Design Alabama
Design Alabama


Papa Dubi’s Restaurant Brings New Orleans to Albertville

In the mood for a taste of New Orleans? While there’s no other place like New Orleans in the world, it’s possible to experience the city’s unrivalled ambiance, culture and cuisine without leaving Alabama. Step inside Papa Dubi’s Cajun-style restaurant in Albertville where Chambless King Architects have helped to bring a bit of the Big Easy to town.

The family-owned restaurant, which specializes in Cajun recipes passed down through the generations, was so successful that it twice outgrew its original location in Guntersville. So Chambless King designed a new $2.4 million, 5,500-square-foot standalone building in Albertville to accommodate the growing business, which is said to be the first indoor/outdoor dining experience in Marshall County.

The U-shaped building, with its main box in black corrugated metal, includes a dining area and outdoor covered patio that surrounds a central courtyard. The main dining room is defined by low-dividing walls and features high windows to bring in natural light and views of the courtyard.

A full bar wraps from the covered patio to the interior with beer taps connected to the walk-in cooler. The kitchen and bathrooms buffer parking from the dining area and allow guests to interact through the drive-through window.

Diners undoubtedly delight in the dining area’s Mardi Gras-inspired color palette and portraits of Roman Catholic saints adorning the purple walls, the décor a homage to New Orlean’s rich heritage. Bright yellow chairs are used for both inside and outdoor seating.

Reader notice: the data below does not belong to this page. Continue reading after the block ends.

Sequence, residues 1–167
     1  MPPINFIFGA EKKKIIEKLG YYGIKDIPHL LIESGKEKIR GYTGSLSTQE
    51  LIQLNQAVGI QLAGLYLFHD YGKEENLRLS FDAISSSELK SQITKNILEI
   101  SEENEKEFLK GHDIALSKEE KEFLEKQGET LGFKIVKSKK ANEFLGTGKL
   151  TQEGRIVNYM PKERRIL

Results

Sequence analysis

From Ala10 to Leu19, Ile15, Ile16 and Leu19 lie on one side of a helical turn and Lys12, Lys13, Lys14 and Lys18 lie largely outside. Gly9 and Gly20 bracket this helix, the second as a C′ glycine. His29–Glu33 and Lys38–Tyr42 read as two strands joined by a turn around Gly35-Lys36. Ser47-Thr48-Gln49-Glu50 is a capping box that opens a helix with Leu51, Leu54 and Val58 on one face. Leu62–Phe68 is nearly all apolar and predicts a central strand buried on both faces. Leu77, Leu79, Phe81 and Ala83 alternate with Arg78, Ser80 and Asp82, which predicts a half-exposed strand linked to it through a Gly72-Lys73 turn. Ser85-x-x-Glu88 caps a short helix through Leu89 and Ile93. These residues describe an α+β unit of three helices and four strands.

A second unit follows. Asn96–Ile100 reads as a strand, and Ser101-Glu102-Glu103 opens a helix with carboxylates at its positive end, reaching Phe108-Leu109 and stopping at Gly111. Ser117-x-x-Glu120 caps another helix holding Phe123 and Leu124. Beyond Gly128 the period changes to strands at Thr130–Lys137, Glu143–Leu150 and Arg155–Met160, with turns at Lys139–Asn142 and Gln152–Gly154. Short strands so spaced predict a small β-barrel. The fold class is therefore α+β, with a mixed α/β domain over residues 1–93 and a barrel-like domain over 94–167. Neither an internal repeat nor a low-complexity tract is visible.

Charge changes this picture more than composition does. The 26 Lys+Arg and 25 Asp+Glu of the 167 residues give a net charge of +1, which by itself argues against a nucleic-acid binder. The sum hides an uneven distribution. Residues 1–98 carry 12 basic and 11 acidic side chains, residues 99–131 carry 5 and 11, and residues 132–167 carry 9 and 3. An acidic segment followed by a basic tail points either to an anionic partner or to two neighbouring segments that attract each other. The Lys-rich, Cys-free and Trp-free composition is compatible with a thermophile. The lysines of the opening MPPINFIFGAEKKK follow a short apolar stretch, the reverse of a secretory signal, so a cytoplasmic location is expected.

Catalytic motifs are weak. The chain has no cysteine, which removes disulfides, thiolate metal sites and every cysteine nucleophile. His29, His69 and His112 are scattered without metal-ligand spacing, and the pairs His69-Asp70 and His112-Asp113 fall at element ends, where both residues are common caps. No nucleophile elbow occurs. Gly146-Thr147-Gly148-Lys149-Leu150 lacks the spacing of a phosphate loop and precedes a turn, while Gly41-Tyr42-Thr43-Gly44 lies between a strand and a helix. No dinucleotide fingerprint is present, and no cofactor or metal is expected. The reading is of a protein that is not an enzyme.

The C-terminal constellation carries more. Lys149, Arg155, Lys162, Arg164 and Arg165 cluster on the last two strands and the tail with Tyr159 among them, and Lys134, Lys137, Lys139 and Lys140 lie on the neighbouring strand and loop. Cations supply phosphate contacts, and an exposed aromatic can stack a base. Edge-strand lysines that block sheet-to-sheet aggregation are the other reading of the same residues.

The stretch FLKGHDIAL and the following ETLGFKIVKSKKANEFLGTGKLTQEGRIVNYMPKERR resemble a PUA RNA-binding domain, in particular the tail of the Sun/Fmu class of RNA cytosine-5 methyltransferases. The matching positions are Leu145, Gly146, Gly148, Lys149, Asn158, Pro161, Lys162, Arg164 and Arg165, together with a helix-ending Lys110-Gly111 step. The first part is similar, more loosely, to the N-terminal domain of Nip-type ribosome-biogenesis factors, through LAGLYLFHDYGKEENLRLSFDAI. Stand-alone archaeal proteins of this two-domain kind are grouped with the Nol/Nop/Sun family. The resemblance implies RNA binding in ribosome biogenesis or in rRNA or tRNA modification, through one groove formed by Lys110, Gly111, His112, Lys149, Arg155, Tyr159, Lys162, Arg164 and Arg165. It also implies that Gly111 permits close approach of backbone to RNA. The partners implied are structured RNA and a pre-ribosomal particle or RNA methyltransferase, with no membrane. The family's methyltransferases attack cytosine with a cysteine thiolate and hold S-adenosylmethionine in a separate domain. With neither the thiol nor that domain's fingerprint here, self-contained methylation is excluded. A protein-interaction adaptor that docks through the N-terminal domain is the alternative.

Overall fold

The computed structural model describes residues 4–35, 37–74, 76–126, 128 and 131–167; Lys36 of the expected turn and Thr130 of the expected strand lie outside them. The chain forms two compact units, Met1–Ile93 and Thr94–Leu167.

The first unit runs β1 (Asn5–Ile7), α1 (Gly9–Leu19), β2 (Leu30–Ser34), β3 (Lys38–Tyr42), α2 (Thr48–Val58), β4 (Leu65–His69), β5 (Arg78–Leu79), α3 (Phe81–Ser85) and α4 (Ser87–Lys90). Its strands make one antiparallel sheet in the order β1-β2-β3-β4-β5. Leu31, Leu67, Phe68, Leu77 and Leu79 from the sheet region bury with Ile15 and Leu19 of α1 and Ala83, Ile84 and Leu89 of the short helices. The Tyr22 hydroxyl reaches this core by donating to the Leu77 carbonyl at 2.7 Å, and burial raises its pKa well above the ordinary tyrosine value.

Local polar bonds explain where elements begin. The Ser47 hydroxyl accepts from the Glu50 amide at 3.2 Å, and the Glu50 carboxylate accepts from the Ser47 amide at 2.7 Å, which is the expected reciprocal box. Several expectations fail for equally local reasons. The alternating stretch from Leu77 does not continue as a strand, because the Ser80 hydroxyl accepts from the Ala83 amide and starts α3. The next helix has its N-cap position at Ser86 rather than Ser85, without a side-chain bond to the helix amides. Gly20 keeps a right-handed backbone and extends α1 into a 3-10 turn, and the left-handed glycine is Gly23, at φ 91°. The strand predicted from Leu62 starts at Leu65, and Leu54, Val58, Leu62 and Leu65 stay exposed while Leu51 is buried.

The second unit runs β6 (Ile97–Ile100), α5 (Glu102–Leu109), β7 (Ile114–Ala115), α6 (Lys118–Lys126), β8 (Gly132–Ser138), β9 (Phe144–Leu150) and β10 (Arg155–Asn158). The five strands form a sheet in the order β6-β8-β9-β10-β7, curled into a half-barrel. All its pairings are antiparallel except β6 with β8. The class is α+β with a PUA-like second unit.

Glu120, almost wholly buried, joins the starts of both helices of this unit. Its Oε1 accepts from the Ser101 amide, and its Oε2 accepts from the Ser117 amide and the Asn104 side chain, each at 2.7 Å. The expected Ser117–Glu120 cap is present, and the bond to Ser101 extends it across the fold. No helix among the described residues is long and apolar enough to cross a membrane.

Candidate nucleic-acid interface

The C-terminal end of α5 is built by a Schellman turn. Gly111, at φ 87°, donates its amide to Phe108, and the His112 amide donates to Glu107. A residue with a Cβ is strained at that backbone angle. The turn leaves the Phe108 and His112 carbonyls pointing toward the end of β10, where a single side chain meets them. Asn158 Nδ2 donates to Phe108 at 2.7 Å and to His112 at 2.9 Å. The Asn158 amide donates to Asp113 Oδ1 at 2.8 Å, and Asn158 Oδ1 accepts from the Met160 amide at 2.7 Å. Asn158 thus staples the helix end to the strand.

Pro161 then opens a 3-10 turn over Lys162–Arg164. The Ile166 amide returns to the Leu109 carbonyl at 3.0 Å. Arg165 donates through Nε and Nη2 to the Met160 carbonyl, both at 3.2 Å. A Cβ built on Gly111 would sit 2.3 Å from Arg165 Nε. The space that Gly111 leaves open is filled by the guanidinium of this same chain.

“We did a purple, green and yellow vibe, but in a subtle and modern, color-block way,” notes Jared Fulton, the project’s lead architect, “and the Catholic saints. It’s an interesting culture.”

The building’s interior consists of exposed, stained glulam beams. Cedar is used to emphasis key features of the building such as the entry, drive-through window and outside courtyard. Vertical stainless-steel cross bracing on the open patio serves as a trellis for a wall of Ivy to grow. The gravel waiting area contains locally sourced rocks that customers can sit on.

The rear of the site was designed to allow for future expansion, such as a bar annex, amphitheater for live music, children’s play area and space for community crawfish boils. The outdoor covered area takes up a quarter of the total footprint, evidence of the commitment to make Papa Dubi’s an even more popular food and entertainment destination.

While much of the work done by Chambless King Architects is in urban areas, the firm is looking increase its presence in smaller towns, says Fulton, and Papa Dubi’s is an example of that.






*Article Written by Jessica Armstrong and Images Courtesy of Rob Culpepper


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